Novel Oxycodone Abuse-Deterrant Formulation Shows Comparable Efficacy With IR Oxycodone

Oxycodone ARIR (RoxyBondTM), a novel abuse-deterrent formulation of immediate-release oxycodone, may have comparable safety and efficacy to IR oxycodone.

The following article is part of conference coverage from the PAINWeek 2018 conference in Las Vegas, Nevada. Clinical Pain Advisor’s staff will be reporting breaking news associated with research conducted by leading experts in pain medicine. Check back for the latest news from PAINWeek 2018.

LAS VEGAS — Oxycodone ARIR (RoxyBond™), a novel abuse-deterrent formulation (ADF) of immediate-release (IR) oxycodone, may have comparable safety and efficacy to IR oxycodone, according to a study presented during the 2018 PAINWeek conference, held September 4-8.

Only 1 IR formulation (RoxyBond) with ADF labeling (vs 7 extended-release ADF formulations) has been approved by the US Food and Drug Administration. RoxyBond was designed to prevent intravenous and intranasal abuse. Investigators sought to compare the bioavailability profiles of IR oxycodone and oxycodone ARIR.

A total of 75 healthy participants were enrolled in a single-dose, open-label, randomized, 3-treatment, 3-period, 6-sequence crossover study comparing RoxyBond and IR oxycodone. After fasting for ≥10 hours, individuals were administered IR oxycodone or oxycodone ARIR 30 mg—along with preadministration and postadministration naltrexone 50 mg to attenuate drug-related side effects—followed by a 4-day washout period before administration of the following dose. Oxycodone plasma concentrations were measured before and after (up to 24 hours) administration.

Among the pharmacokinetic parameters examined were the area under the plasma concentration-time curve (AUC0-t and AUC0-∞), the maximum plasma concentration (Cmax) and the Cmax-associated time (Tmax). Researchers calculated 90% CIs and geometric mean ratios for both formulations’ Cmax and AUC measurements, with the therapies considered equivalent if the 90% CIs fell within the 80% to 125% regulatory bioequivalence range. Adverse events (AEs) and laboratory, clinical, or electrocardiographic abnormalities were also reported.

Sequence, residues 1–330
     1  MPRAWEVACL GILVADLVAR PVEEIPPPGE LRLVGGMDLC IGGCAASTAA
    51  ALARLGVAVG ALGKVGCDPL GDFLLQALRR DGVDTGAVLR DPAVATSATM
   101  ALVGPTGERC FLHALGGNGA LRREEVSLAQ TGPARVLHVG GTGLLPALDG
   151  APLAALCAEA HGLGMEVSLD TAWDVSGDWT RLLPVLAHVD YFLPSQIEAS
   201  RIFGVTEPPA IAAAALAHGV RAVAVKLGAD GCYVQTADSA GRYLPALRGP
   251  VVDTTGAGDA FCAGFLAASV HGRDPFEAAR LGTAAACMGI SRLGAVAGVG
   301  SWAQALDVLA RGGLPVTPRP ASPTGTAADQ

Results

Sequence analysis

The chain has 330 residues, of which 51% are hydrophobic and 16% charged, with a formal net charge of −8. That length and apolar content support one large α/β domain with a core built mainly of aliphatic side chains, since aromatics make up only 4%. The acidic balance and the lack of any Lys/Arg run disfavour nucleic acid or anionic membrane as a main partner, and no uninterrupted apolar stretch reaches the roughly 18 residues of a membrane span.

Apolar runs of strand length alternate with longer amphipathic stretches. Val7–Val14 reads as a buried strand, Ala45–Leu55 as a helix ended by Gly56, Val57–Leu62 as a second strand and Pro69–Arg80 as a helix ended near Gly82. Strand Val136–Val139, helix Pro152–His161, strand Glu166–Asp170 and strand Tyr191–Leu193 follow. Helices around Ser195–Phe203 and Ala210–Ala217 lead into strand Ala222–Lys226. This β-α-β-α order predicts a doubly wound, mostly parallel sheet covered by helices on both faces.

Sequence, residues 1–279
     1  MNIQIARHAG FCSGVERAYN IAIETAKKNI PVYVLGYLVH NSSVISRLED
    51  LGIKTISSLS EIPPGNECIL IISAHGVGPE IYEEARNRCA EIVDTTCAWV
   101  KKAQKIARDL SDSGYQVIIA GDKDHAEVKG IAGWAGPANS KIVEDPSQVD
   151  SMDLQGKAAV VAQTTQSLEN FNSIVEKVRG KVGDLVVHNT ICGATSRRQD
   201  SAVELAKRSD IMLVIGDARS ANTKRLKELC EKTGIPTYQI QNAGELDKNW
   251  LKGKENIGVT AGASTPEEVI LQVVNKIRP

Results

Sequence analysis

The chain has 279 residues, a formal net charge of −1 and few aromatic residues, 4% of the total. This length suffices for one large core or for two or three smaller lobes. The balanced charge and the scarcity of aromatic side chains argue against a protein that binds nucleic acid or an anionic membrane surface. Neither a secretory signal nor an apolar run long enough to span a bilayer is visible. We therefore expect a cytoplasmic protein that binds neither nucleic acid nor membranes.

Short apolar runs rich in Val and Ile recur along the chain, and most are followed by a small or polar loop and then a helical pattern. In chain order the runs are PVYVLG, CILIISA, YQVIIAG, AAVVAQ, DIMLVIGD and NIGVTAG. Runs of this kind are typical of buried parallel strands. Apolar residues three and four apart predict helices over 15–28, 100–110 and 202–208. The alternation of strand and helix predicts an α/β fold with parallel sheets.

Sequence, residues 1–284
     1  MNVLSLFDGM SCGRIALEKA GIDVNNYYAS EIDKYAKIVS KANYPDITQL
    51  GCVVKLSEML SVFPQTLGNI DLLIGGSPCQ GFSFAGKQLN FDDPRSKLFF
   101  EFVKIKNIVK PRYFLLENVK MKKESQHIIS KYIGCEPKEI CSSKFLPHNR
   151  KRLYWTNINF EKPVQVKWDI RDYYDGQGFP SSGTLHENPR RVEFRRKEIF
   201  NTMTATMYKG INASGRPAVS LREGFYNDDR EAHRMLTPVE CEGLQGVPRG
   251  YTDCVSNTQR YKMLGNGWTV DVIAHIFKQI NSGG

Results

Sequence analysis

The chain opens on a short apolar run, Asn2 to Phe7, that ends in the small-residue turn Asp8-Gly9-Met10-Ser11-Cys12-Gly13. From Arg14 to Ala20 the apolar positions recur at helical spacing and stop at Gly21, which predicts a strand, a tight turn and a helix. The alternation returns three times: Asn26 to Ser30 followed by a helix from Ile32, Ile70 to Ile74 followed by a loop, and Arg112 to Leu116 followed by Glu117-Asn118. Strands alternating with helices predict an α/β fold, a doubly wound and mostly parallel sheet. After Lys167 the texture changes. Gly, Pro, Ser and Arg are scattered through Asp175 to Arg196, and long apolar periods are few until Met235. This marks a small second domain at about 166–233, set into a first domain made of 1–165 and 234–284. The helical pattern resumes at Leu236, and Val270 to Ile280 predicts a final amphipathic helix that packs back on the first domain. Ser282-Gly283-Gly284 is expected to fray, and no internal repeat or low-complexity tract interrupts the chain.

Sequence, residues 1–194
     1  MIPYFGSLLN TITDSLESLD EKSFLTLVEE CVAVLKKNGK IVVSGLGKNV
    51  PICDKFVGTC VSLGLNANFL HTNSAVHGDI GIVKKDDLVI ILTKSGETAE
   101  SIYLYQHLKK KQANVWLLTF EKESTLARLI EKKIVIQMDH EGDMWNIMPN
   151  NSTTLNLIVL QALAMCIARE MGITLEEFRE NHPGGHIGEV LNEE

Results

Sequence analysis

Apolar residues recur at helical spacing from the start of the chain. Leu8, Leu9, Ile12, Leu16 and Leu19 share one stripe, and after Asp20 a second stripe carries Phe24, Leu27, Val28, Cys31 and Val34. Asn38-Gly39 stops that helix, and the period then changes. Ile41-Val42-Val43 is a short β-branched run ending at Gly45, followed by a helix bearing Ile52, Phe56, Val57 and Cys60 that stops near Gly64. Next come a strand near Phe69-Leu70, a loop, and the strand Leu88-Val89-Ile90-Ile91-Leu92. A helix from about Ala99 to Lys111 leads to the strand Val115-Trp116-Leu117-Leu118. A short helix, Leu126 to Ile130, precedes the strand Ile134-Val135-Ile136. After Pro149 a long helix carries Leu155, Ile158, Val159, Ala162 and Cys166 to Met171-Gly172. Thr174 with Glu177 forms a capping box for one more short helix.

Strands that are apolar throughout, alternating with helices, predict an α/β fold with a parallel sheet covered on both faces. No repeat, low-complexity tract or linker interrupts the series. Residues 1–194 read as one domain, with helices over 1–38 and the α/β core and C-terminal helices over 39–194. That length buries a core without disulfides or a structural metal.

Of 75 initial study participants, 58 completed all study treatments and were considered for further analysis. The RoxyBond mean Cmax was 14% lower compared with the Cmax for IR oxycodone (57.8 ng/mL vs 67.7 ng/mL, respectively, and both AUC measures were 4% lower for oxycodone ARIR vs IR oxycodone. In terms of total exposure, both formulations fell within the regulatory range, with an AUC0-t at 92.5% to 98.7% and an AUC0-∞ at 92.8% to 98.9%. The Cmax 90% CI at 78.8% to 94.3% was outside of the bioequivalence range, and the oxycodone ARIR median Tmax was 29 minutes more than the Tmax for IR oxycodone.

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RoxyBond was associated with more AEs than IR oxycodone (20% vs 11%, respectively), with gastrointestinal and central nervous system complaints most common. All AEs were considered typical of those seen in patients taking opioids, and all were rated as mild to moderate in severity.

Lynn Webster, MD, vice president of scientific affairs at PRA Health Sciences in Salt Lake City and lead author of the study, noted, “Although the Cmax of RoxyBond was slightly lower than the Cmax for IR oxycodone, it is expected to have the same efficacy. “Post-approval studies assessing the impact of the abuse deterrent properties on abuse of the product” are mandated, she added.

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Webster L, Kinzler ER, Pantaleon C, Iverson M, Aigner S. The relative bioavailability of oxycodone ARIR (RoxyBondTM), a novel abuse-deterrent formulation of immediate-release oxycodone, compared with immediate-release oxycodone. Presented at: PAINWeek 2018; September 4-8, 2018; Las Vegas, NV. Poster 76.

For more coverage of PAINWeek 2018, click here.